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Monsters Were All A Little Different Main

"Monsters: We’re All a Little Different (Dark Tide Book 5)" Book Review

Written by Stephen McClurg

Published by Crystal Lake Publishing

monsters were all a little different poster large

Written by Glenn Rolfe, Tom Deady, and Nick Kolakowski
2022, 203 pages, Fiction
Released on December 13, 2022

Review:

Growing up, I didn’t know I was part of a long line of Monster Kids that stretched back to Ray Harryhausen and Ray Bradbury crying in a theater after King Kong. Before I knew who either artist was, I had also cried at the fall of the colossal Kong. Eventually, maybe through Fangoria or Stephen King’s Danse Macabre, I learned about other kids who grew up making Aurora model kits of the Frankenstein monster and championing the Rays and the various strands of beasts and behemoths they left behind.

I’m definitely the audience for Monsters: We’re All a Little Different, an anthology with three novellas from authors Glenn Rolfe, Tom Deady, and Nick Kolakowski. All three stories deliver on what the title promises: monsters. Each one is fast-paced, and besides familial content restrictions, they would be great for a YA reader wanting to check out adult horror. The subtitle hints at the outsider status felt by many young horror fans and might be considered a calling for those inclined to darker entertainment. The three-novella format has gained popularity over the years and works as effectively as the editing and sequencing involved, and this one works well.

These strengths do create some weaknesses. Because the stories aren’t novels, the authors have limited space to develop characters. If one is looking for literary horror, it’s not here, though there are few occasions where the characters dip below pulp level. Because so much is well done, the false notes ring out. The pace of the storytelling is a double-edged sword. The stories fly by and often at a pace that doesn’t allow for potential developmental insight. Then again, this ain’t the medicine for those ills and I don’t think it’s pretending to be. But even with the triumph of speed over development, like all good horror, each novella is about more than just monsters, more than just a few good kills.

The title of Glenn Rolfe’s “It Came from the Lake” hearkens back to slapdash drive-in creature features and delivers on that theme, if not updating it. Rolfe weaves several stories together: a noirish private detective story, a couple of teen-in-trouble bits, a veteran with PTSD, among one or two more threads. He merges so many characters and plots into such a small space, and for the most part pulls it off, barring a few flat characters. The technique can be disorienting at times, especially when the story switches perspectives.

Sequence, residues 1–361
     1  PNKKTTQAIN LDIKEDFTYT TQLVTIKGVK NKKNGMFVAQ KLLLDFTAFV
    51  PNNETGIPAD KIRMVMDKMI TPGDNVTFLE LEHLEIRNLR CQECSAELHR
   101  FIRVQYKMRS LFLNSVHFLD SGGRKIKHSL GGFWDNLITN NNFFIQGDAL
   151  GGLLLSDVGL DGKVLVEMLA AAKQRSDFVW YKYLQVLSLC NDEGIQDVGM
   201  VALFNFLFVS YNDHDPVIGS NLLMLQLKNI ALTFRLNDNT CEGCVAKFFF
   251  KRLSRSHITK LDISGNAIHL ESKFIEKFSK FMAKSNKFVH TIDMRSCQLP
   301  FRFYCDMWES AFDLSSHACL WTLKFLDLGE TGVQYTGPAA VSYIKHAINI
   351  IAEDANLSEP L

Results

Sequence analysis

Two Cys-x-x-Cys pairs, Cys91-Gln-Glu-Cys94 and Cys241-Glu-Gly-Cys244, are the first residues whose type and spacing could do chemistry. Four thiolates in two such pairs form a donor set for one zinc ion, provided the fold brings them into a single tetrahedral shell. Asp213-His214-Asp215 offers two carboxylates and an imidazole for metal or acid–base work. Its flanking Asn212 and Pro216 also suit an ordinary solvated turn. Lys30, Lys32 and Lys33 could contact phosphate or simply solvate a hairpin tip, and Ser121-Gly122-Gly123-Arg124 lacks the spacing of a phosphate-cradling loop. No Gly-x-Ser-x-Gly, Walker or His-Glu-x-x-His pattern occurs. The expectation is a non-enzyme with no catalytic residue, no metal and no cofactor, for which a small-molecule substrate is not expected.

One of the leads, Leilani, a foster teen, at first comes off like a stereotypical bad girl. Her character is one of the few allowed room in the narrative for interesting development. And the lake monster, the Nietzsche Dilemma, would be wonderful to see on film. Since all great lake monsters get nicknames, Nessie or Champ, for instance, I kept wondering what would this one get? Emma? Big Dil?

Tom Deady’s “In the Glastonbury Woods” monsters could be part of a double feature with the Nietzsche d ilemma. The story opens with a familiar scene for horror fans, a summer road trip. With that setup, what could go right? Deady spices the fatal road trip with some freshness, including some Hulkamania nostalgia, but with the addition of several characters and larger passage of time outside the immediate action, the novella feels like it didn’t quite find its form. Underdone as a novel and overdone as a short story.

Nick Kolawkowski’s “Groundhog Slay” will delight and disappoint readers, likely starting with their reaction to that title. Whatever you have in mind the story is or will be–will be wrong. It’s both delightful and frustrating, but hopefully equally as fun. The novella opens with a Jason Voorhees-like character waking up underwater to go and kill some teen campers. What’s different is he’s been doing this repeatedly, maybe even thousands of times, and is now conscious of it. At first, I was hoping to get an existential take on a Voorhees-like character trapped in a Beckettian loop as a commentary on sequels, slashers, or video games. However, what develops is something more akin to a bizarro version of Ready Player One, complete with horror Easter eggs galore. While I had wanted to choose my own adventure, I appreciate Kolawkowski’s subversion of traditional narrative logic and readerly desire. And just when I thought I had checked out of the absurdity of it all, he somehow delivers a touching ending with which few serious readers would want to argue.

Crystal Lake’s "Dark Tide" series is worth seeking out and will continue soon with more collections, which will include themes of Weird Western, Sherlock Holmes, Grief Horror, and more.

Grades:

Overall: 4 Star Rating Cover
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About The Author
Stephen McClurg
Staff Writer
No matter how hard he tries to focus on music, Stephen always gets called back to horror culture. The inciting incident is likely the night his grandmother cackled through his wide-eyed and white-knuckled first viewing of Jaws at three. The ‘70s were a different time. Over the years, he has mostly published poetry and essays, but started writing with a review section for the Halloween edition of the sixth-grade school newspaper. He rated titles like Creepshow with a short description and illustrated pumpkins. His teacher loved it, but the principal shredded the final version before distribution since all the movies were rated R.
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